The rules around self-isolation have changed.

You can return to your normal routine and stop self-isolating after 10 full days if your symptoms have gone, or if the only symptoms you have are a cough or loss of taste or smell, which can last for several weeks. If you still have a high temperature after 10 days or are otherwise unwell, stay at home and seek medical advice.

You may be able to end your self-isolation period before the end of the 10 full days. You can take a Lateral Flow test from the sixth day of your isolation period, and another Lateral Flow test on the following day. The second test should be taken at least 24 hours later. If both these test results are negative, and you do not have a high temperature, you may end your self-isolation after the second negative test result. You should not take an LFD test before the sixth day of your isolation period, and you should only end your self-isolation following 2 consecutive negative Lateral Flow tests which should be taken at least 24 hours apart.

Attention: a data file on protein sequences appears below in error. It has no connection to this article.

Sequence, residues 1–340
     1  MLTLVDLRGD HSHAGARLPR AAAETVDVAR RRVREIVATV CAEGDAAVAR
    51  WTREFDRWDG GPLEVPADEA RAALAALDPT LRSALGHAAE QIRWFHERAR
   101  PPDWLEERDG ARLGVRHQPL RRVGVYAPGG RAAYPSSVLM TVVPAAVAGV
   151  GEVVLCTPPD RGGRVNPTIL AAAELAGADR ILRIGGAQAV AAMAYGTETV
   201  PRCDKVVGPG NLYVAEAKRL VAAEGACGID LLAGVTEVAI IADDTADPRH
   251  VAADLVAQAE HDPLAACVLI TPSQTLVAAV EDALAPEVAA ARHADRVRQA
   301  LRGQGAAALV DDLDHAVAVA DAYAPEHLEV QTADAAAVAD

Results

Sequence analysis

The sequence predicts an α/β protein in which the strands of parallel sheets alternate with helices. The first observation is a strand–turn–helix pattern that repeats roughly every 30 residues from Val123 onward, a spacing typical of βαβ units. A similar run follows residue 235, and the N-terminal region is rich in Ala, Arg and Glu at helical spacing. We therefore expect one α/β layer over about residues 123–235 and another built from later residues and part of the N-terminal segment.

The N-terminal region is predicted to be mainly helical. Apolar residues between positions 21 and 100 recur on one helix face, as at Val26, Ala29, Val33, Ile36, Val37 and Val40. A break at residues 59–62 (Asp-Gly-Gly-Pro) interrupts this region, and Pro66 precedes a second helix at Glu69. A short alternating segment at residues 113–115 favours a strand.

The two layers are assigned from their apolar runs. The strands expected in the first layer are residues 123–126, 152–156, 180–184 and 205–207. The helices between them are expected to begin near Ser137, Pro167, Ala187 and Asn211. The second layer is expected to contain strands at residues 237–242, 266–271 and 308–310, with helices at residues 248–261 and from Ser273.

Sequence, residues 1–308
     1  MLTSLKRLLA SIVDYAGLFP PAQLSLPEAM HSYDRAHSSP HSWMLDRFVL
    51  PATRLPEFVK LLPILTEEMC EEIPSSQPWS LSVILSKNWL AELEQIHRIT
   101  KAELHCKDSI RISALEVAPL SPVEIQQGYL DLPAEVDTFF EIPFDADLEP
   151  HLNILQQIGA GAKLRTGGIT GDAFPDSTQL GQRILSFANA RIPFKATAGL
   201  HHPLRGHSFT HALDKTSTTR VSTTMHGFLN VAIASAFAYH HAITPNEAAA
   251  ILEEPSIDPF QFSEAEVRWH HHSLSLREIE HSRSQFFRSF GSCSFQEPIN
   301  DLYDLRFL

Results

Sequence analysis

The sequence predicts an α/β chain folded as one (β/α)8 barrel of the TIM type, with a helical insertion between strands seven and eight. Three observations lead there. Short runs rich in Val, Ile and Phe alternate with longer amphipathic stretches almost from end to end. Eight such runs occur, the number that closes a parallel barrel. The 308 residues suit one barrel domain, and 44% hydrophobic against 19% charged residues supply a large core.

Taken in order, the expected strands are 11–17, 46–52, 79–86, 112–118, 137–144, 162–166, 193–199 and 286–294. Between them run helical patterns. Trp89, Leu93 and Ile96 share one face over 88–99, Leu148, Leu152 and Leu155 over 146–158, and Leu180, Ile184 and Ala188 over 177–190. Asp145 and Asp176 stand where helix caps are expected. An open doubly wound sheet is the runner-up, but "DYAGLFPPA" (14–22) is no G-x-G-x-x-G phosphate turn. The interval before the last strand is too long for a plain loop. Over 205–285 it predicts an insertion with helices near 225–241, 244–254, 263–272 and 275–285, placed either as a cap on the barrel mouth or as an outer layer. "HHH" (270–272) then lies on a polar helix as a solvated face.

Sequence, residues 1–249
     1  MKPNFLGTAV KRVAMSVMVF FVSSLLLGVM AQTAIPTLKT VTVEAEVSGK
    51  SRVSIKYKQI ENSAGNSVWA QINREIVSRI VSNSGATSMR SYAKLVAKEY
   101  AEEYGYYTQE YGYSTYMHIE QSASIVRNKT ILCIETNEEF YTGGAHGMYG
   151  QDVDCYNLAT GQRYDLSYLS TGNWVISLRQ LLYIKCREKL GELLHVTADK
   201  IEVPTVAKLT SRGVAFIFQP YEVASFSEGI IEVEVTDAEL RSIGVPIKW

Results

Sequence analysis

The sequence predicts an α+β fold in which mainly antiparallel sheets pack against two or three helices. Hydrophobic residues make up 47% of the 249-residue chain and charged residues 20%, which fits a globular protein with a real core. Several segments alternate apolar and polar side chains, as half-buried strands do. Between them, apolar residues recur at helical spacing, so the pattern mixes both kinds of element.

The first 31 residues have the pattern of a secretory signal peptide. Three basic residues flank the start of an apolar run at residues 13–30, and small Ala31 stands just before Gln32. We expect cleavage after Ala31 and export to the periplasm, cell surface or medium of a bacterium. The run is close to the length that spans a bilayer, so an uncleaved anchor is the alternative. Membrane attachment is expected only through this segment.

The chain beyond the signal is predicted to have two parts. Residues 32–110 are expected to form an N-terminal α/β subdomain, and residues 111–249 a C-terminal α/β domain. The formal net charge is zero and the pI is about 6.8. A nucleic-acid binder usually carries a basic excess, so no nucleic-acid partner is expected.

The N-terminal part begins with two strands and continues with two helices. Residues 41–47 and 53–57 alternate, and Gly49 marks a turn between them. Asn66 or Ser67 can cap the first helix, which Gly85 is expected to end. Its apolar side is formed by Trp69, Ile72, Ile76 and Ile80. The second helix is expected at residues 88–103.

If you take a Lateral Flow test from the sixth day of your isolation period, and the test result is positive, wait 24 hours before you take the next test.

Vaccine and booster
All adults in England have now been offered at least 2 doses of a COVID-19 vaccine. The vaccines are safe and effective. Getting fully vaccinated is the best way of protecting you and others against COVID-19.

If you have not yet received the COVID-19 vaccine, you should get vaccinated. Evidence indicates that 2 doses of a COVID-19 vaccine provide very effective protection against hospitalisation. It usually takes around 2 to 3 weeks for your body to develop its protective response.

On December 15th, it was announced that every adult is eligible for a booster jab three months after their second vaccination jab. You can now use the national booking service to make an appointment.